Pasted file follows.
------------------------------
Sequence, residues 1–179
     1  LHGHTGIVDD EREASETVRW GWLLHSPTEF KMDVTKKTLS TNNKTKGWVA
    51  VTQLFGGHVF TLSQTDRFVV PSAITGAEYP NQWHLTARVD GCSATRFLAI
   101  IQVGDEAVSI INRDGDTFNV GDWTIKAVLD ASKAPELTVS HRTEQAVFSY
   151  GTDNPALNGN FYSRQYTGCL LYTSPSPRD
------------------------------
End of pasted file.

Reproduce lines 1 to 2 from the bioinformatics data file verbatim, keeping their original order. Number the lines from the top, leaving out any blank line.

Sequence, residues 1–179
     1  LHGHTGIVDD EREASETVRW GWLLHSPTEF KMDVTKKTLS TNNKTKGWVA